Black Sheep is set in the idyllic countryside on a sheep farm in New Zealand featuring a farmer and his sons Henry and Angus Oldfield. Things soon turn nasty as Angus, jealous of his younger brother kills Henry’s pet sheep before tormenting him with the sheep’s still bloody skull. Moments after the boys then learn that their father has died in an unspecific farm accident. The film then fast forwards fifteen years and we again meet up with Henry, now an adult played by Nathan Meister (Avatar, The Adventures of Tintin), as he returns to his home farm. The incident witnessed at the opening of the film has left Henry with a pathological fear of sheep, something that is a large issue when visiting a sheep farm! Indeed, the first shot of the older Henry is him cowering in the back of a taxi surrounded by a flock of sheep. The older Angus, played by Peter Feeney (30 Days of Night) is still the same piece of work that scared his younger brother wearing a sheep’s head and is now running a laboratory experimenting on genetically modified sheep.
One of the genetically modified lambs, or rather sheep embryo in a test tube, is released by two hapless animal rights campaigners, Grant (Oliver Driver) and Experience (Danielle Mason), which subsequently attacks Grant before moving onto the field of sheep nearby. Unfortunately for Grant it appears that the ‘mad sheep disease’ is not only communicable between sheep but also to humans, turning the human victim into a sheep. Living alongside Angus on the farm is Mrs Mac, who incidentally is the person who shares the bad news of their father’s death with the boys in the first scene, and Tucker (Tammy Davis). Whilst showing Henry the farm, Tucker and Henry come across Experience and with her the infected sheep. The film then follows the three of them as they battle the genetically modified sheep and search for a solution to the spreading problem.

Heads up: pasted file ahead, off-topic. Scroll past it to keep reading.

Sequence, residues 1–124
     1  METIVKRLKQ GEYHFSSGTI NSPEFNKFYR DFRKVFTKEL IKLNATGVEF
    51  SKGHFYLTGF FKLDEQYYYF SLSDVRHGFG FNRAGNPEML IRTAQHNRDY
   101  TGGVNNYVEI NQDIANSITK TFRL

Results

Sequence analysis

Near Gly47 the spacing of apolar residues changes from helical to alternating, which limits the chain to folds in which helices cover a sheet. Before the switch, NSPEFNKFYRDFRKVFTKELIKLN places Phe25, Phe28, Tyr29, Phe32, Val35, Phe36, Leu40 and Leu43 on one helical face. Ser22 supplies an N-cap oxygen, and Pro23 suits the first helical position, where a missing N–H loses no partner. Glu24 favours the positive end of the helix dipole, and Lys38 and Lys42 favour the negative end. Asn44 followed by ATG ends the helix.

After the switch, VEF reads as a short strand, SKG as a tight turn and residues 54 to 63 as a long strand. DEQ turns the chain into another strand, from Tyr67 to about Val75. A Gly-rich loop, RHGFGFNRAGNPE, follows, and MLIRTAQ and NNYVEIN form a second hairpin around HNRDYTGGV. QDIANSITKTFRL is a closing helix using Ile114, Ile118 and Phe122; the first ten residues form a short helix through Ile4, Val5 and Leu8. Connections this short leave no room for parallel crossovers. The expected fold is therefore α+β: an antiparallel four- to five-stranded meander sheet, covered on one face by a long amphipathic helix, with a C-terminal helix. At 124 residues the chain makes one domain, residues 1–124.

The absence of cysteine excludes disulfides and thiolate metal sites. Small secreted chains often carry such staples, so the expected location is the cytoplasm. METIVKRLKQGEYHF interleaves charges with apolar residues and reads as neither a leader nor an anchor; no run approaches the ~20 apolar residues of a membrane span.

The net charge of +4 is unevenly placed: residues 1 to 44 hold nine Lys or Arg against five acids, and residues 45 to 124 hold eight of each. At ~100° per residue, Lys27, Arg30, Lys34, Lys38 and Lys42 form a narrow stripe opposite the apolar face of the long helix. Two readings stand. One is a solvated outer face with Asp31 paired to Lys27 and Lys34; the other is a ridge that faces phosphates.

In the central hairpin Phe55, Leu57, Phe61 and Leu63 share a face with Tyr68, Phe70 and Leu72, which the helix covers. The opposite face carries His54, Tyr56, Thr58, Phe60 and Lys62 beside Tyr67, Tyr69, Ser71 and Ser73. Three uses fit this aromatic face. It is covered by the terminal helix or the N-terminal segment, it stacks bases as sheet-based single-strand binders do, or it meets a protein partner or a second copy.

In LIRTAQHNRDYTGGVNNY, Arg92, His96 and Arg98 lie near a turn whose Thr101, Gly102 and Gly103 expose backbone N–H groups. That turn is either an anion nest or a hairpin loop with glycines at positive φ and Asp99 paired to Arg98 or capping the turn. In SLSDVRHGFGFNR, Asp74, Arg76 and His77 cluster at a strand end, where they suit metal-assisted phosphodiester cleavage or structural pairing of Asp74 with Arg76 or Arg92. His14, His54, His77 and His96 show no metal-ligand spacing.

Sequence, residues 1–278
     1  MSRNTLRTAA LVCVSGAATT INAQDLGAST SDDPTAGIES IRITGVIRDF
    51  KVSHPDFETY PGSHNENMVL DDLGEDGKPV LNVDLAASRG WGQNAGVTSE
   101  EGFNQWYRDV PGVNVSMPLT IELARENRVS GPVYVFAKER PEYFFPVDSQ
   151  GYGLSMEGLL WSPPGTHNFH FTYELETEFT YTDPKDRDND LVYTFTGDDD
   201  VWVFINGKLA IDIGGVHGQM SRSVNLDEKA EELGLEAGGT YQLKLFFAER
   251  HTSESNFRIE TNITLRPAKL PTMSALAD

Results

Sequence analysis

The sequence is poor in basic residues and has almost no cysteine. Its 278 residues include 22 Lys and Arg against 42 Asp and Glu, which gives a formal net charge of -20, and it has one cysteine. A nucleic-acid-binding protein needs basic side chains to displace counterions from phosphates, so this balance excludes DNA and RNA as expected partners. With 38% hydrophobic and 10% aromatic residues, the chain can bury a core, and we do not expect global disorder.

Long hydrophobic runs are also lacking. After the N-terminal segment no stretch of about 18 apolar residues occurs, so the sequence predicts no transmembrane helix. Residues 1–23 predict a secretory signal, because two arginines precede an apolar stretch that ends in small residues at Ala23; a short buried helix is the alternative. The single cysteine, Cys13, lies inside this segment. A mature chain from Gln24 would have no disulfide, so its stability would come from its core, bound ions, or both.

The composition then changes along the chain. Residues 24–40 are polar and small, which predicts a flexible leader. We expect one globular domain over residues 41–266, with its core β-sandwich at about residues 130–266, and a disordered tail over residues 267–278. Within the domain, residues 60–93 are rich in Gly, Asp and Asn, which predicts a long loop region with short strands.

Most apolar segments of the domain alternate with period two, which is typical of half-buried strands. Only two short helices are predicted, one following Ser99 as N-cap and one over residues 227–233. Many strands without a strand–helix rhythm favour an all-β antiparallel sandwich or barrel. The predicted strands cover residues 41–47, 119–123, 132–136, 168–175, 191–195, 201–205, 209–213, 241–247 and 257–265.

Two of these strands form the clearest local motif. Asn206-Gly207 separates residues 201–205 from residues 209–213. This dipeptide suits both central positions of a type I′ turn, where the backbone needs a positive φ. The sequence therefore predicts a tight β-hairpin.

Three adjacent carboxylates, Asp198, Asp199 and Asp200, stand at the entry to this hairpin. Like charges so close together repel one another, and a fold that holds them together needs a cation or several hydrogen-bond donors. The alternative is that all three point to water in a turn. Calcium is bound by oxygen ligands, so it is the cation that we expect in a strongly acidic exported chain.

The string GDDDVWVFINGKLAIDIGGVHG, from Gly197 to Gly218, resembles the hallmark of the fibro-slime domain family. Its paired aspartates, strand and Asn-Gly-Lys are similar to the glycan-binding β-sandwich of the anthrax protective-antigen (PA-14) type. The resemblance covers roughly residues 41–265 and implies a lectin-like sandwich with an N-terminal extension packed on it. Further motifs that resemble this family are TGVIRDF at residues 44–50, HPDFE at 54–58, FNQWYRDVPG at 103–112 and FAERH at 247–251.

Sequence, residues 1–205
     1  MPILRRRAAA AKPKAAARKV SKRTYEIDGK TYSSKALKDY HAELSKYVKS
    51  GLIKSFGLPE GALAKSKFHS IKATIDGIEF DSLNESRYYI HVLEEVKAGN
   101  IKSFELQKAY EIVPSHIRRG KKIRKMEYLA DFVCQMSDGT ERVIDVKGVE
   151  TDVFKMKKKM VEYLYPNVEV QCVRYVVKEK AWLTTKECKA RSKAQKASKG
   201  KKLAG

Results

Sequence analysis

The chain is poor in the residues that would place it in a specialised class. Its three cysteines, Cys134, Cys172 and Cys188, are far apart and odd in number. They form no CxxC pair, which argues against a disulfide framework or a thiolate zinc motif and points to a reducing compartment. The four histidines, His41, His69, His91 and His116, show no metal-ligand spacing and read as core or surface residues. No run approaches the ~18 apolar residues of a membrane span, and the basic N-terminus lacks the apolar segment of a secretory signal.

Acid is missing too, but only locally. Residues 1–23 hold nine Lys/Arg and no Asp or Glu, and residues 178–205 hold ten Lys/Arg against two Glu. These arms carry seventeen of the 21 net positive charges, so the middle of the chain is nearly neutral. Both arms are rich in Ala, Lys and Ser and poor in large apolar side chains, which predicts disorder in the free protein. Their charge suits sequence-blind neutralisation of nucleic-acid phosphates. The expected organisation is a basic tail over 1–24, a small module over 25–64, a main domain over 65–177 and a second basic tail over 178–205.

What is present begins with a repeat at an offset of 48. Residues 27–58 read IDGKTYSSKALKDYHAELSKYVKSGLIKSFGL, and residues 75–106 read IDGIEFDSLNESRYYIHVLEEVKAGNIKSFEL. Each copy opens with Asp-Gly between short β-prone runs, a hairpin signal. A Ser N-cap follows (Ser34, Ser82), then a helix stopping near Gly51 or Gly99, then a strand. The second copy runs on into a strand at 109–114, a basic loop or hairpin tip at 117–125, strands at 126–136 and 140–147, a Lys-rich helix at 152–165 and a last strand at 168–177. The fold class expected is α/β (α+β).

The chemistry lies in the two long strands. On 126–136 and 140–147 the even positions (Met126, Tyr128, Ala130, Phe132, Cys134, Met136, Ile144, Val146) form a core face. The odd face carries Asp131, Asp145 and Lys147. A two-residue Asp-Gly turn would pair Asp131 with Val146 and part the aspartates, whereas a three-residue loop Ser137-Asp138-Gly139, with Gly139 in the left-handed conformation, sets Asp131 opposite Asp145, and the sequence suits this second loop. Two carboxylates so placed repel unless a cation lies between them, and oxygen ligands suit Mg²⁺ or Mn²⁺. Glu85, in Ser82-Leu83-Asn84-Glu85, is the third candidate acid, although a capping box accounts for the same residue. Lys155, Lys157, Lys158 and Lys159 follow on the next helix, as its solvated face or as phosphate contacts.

As with all comedy films there are a number of unrealistic scenes (putting aside the premise of killer sheep), including a sheep driving a pick-up truck over the edge of a cliff and a scientist being attacked by sheep next to the offal pit where they dispose of the remains of their experiments. I think sheep lend themselves very well to this premise with their blank staring eyes meaning it is very hard to tell which sheep is infected and which is not until it attacks. The undeniable stars of the show are the demonic sheep, particularly the evil lamb that is responsible for the outbreak, created by Weta workshop who shot to fame after producing the special effects for The Lord of the Rings Trilogy.
Black Sheep is a satisfying romp around the New Zealand countryside providing just the right balance of gore, laughs and plot. The one negative to this film is their representation of scientists as megalomaniacal psychopaths with no respect for either animal or human life. On the other hand, the writer and director Jonathan King (Under the Mountain, The Tattoist) is equally scathing of the animal rights protestors, portraying them as deluded hippies who spout long rhetoric spiels at the drop of a hat and carry around geranium candles to ‘balance their hormones’ so it is clear that King takes neither view particularly seriously. I definitely enjoyed Black Sheep and was surprised at the level of realism in the sheep (I was expecting something along the lines of The Deadly Bees.
Fun Fact: The scientific word for a phobia of sheep is ovinaphobia.